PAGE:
A new report, “Are Organizations Completely Ready to Stop Cyberattacks?,” reveals small to medium sized businesses (SMBs) lack the resources they need to protect themselves against malware attacks. Commissioned by Webroot, the market leader in intelligent cybersecurity for endpoints and collective threat intelligence, and in partnership with Wakefield Research, the study indicates just 37% of IT decision makers surveyed in the US, the UK, and Australia believe their organizations are completely ready to manage IT security and protect against threats. Although the current SMB cybersecurity picture may seem bleak, the survey also points to some promising developments.
Jacks of All Trades, Masters of None
At the majority of small to medium businesses, IT teams are expected to handle all cybersecurity management and concerns. According to the survey, IT employees at nearly 1 in 3 companies (32%) juggle security along with their other IT responsibilities. This leaves employees stretched thin and unable to devote the necessary time to many critical cybersecurity tasks. Instead of taking a more proactive approach, these companies are often left on the defensive—not an optimal scenario in today’s world of zero-day attacks, phishing scams, social engineering attempts, and malicious websites.
Lack of Resources
Defending a company from cyberattacks is inherently challenging, and made even more so by budgetary constraints. The vast majority of SMBs do not have security budgets remotely comparable to those of large (and previously breached) enterprises, such as J.P. Morgan, Target, and Anthem. In fact, according to the study, nearly 60% of respondents think their business is more prone to cyberattacks because they have too few resources for maintaining their defenses.
Underprepared and Vulnerable
IT decision makers can point to specific areas in which they feel underprepared. According to the survey, almost half (48%) think their company is vulnerable to insider threats, such as employees. Following that, 45% believe they are unprepared for unsecured internal and external networks, such as public WiFi, and 40% for unsecured endpoints, such as computers and mobile devices. All of the conduits cited should be cause for concern; within the past few years, hackers have exploited them to execute a number of high profile breaches. The survey respondents’ lack of confidence may be due to a reliance on outdated, traditional antivirus tools, many of which depend on large threat signatures downloads and system-intensive scans.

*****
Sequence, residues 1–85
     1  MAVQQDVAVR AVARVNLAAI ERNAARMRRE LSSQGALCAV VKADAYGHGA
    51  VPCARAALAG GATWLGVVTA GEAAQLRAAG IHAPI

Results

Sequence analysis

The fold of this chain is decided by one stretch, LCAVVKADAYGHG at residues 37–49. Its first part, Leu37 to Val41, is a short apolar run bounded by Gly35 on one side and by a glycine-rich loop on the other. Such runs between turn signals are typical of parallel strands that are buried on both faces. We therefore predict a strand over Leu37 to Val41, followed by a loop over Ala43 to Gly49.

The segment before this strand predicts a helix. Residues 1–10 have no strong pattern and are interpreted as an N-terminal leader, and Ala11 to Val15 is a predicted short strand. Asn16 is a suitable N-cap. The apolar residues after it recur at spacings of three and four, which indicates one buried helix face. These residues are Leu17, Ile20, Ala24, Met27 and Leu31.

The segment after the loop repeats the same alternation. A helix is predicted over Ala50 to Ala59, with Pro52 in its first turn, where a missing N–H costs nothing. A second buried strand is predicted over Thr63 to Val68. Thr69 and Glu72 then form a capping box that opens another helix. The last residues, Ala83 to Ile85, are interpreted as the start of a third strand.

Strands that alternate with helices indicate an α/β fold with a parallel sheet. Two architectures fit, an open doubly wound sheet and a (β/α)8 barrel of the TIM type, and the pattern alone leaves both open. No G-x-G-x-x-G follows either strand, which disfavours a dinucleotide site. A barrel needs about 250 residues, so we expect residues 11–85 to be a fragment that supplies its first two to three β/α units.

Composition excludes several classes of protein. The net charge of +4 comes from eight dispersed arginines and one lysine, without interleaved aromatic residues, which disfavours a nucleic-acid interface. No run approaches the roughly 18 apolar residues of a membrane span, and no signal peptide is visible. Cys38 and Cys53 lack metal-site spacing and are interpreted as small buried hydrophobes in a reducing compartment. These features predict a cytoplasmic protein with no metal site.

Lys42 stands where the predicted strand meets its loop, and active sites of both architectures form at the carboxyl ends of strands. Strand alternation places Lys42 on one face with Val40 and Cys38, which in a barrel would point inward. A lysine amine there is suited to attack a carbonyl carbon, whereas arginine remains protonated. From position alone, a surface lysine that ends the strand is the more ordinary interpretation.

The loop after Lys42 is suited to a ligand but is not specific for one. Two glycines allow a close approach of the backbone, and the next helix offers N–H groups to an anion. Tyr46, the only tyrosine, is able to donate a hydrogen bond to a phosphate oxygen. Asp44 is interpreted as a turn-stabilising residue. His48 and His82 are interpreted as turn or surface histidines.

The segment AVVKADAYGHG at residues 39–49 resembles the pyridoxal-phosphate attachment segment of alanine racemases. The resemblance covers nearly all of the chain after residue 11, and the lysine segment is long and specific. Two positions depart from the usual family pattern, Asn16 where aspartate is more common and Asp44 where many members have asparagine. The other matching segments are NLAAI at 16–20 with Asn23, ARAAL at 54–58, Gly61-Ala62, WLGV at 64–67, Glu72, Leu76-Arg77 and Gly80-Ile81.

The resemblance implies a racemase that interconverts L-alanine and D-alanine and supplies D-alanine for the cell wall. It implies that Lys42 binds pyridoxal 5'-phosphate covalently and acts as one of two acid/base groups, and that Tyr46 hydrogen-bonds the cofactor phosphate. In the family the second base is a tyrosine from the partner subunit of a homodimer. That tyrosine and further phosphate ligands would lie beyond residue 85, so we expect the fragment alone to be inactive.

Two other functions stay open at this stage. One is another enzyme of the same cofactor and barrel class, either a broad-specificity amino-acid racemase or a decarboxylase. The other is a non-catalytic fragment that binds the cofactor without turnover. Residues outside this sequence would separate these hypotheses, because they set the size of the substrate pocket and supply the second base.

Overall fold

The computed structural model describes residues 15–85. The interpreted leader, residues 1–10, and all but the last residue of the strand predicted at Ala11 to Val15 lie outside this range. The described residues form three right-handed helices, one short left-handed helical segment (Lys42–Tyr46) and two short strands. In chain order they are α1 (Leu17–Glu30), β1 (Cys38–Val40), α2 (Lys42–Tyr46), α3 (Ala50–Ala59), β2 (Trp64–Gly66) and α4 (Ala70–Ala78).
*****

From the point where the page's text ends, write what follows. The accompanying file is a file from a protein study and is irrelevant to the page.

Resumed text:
Statistically, the US, UK, and Australia only differed by a few percentage points overall, when it came to the pain points being examined. However, a closer look revealed some interesting gaps. For example:
- Just 50% of respondents in the US feel they don’t have time to stay abreast of the latest cybersecurity threats, as compared to 61% in Australia and 55% in the UK
- Respondents in the US and UK expressed more confidence in their endpoint protection capabilities (63%) than Australian respondents (55%)
- When it comes to money lost due to a potential cyberattack in 2016 (due to compromised customer records or critical business data), US SMBs feel the most pain. In the US, respondents estimated their businesses would lose an average of $522,602; in the UK, £215,910 (about $326,000); and in Australia, AUD 433,010 (about $341,000)
What can SMBs do?
Overall, 81% of respondents plan to increase their annual IT security budget for 2016, by an average of 22%. Respondents are also very open to other strategies for improvement, with an overwhelming 81% also in agreement that outsourcing IT solutions (including cybersecurity endeavors) would increase their bandwidth to address other areas of their business.
Achieving a stronger security posture through outsourced cybersecurity should first involve due diligence in identifying a managed service provider (MSP) that delivers solutions that meet the necessary criteria. The most promising MSPs are those who offer platforms that leverage cloud-based security architecture, thereby allowing SMBs to implement protection without investing in new infrastructure or being burdened by upfront deployment and management costs.
"SMBs play a pivotal role in helping drive the economies of all the countries polled, but past experiences have taught them they face an uphill battle when it comes to cybersecurity," said George Anderson, director of product marketing at Webroot. "This perception must change. A viable alternative to the ‘go at it alone’ standard is an outsourced approach in combination with Smarter Cybersecurity™ solutions that are easy to install and manage remotely, and provide real-time protection against modern threats."
For a copy of the report, which includes a more detailed analysis of the survey findings, visit http://www.webroot.com/SMBThreatReport.
The Webroot SMB Cybersecurity Survey was conducted by Wakefield Research among 300 IT decision-makers in the U.K., 200 IT decision-makers in the U.S., and 200 IT decision-makers in Australia from SMBs between October 28th and November 12th, 2015, using an email invitation and an online survey.
Results of any sample are subject to sampling variation. The magnitude of the variation is measurable and is affected by the number of interviews and the level of the percentages expressing the results.